Loose Ends

November 3 - 17, 2017

When you run out of thread in the middle of a seam, you can finish with a backstitch, start again with a new thread, or carefully attach a new strand to the one you have. Loose threads, whether frayed or broken, offer the possibility of being unraveled and woven anew. This exhibition brings together the work of four artists who work with various materials and sites that are often considered to be useless in our current economy predicated on utility and consumption. Whether it is clothing we no longer wear, the digital debris that is stored on our hard drives, abandoned experimental housing structures, or the material residue of our culture of excess, the works in the exhibition consider the process of making something new with discarded materials, reminding us of the various ways in which loose ends can be retied.
Lauren Altman’s triptych of photograms produced from the seams of her mother’s sweater posit a collaboration between material, identity, and touch—a kind of hereditary indexicality manifested through medium, and one where the softness of fiber delineates the abstracted contours of memory. Altman’s interest in textiles alternately informs Endless Threads, an essay film that meditates on the fabric and clothing industries in Tiruppur and Kanchipuram in India, and Woolrich and Philadelphia in Pennsylvania.
Space and locale are critical, too, in the work of Heryk Tomassini, whose site-specific installation Renacimiento Antillano Antrincherado is part of a larger project by the artist that seeks to preserve and repurpose a series of stackable concrete units initially designed for a utopian housing project inspired by Moshe Safdie’s Habitat 67. In the context of Puerto Rico’s financial crisis, now especially critical in the wake of the devastating effects of hurricanes Irma and Maria, Tomassini simultaneously interrogates architectural history, utopic failure and potential, and alternative visions for living with one’s environment.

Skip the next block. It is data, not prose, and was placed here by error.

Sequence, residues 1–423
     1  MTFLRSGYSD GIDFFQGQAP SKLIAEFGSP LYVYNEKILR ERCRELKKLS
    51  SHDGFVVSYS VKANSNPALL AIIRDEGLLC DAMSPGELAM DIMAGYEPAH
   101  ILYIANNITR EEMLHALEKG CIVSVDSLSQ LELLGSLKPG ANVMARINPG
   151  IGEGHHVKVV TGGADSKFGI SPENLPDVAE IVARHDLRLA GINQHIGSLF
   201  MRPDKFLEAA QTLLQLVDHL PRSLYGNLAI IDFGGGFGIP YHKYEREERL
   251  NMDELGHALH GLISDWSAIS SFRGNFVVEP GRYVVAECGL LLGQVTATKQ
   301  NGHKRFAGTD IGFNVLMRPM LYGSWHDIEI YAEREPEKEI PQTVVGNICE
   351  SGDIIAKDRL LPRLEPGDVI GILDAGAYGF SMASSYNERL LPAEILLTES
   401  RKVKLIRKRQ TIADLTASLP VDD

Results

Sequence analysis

For works that blur the boundary between object and performance, Haitian artist Erlin Geffrard sources his materials from the kitsch cast-offs of the art world: canvases left over from colleagues, frames found on the sidewalk, and objects collected from his environs. In Flight, a pink and red plane appears playful, with its tiny propeller and antenna-like puff of exhaust fume trailing behind. But, in evoking instability and liminality, the painting investigates more urgent issues of immigration and national identity. Geffrard has also produced a site-specific interactive installation that incorporates an upright piano owned by Seraphin Gallery. Here, he probes the cultural status of music and art, as it has been determined and inflected by class and race.
The three works on view by Jiayi Liu weave together dispersed memories and discreet “data points” of identity, using materials culled from her life and her environment. Carefully folded digital prints of photographs from her iPhone comprise Image Recycled, a cloud-like curtain that takes its form from a specific cultural practice in China of making curtains from discarded paper. Liu’s other works consider the intersection of temporality, growth, and decay through materiality. iPhone prints are immersed in coffee grounds (Untitled), whose dark granularity against the pristine gallery wall toys with figure and ground, as well as the politics of the macro and micro.
"Loose Ends" is co-curated by Jessica Hough and Isabelle Lynch and is the eighth exhibition in the Incubation Series.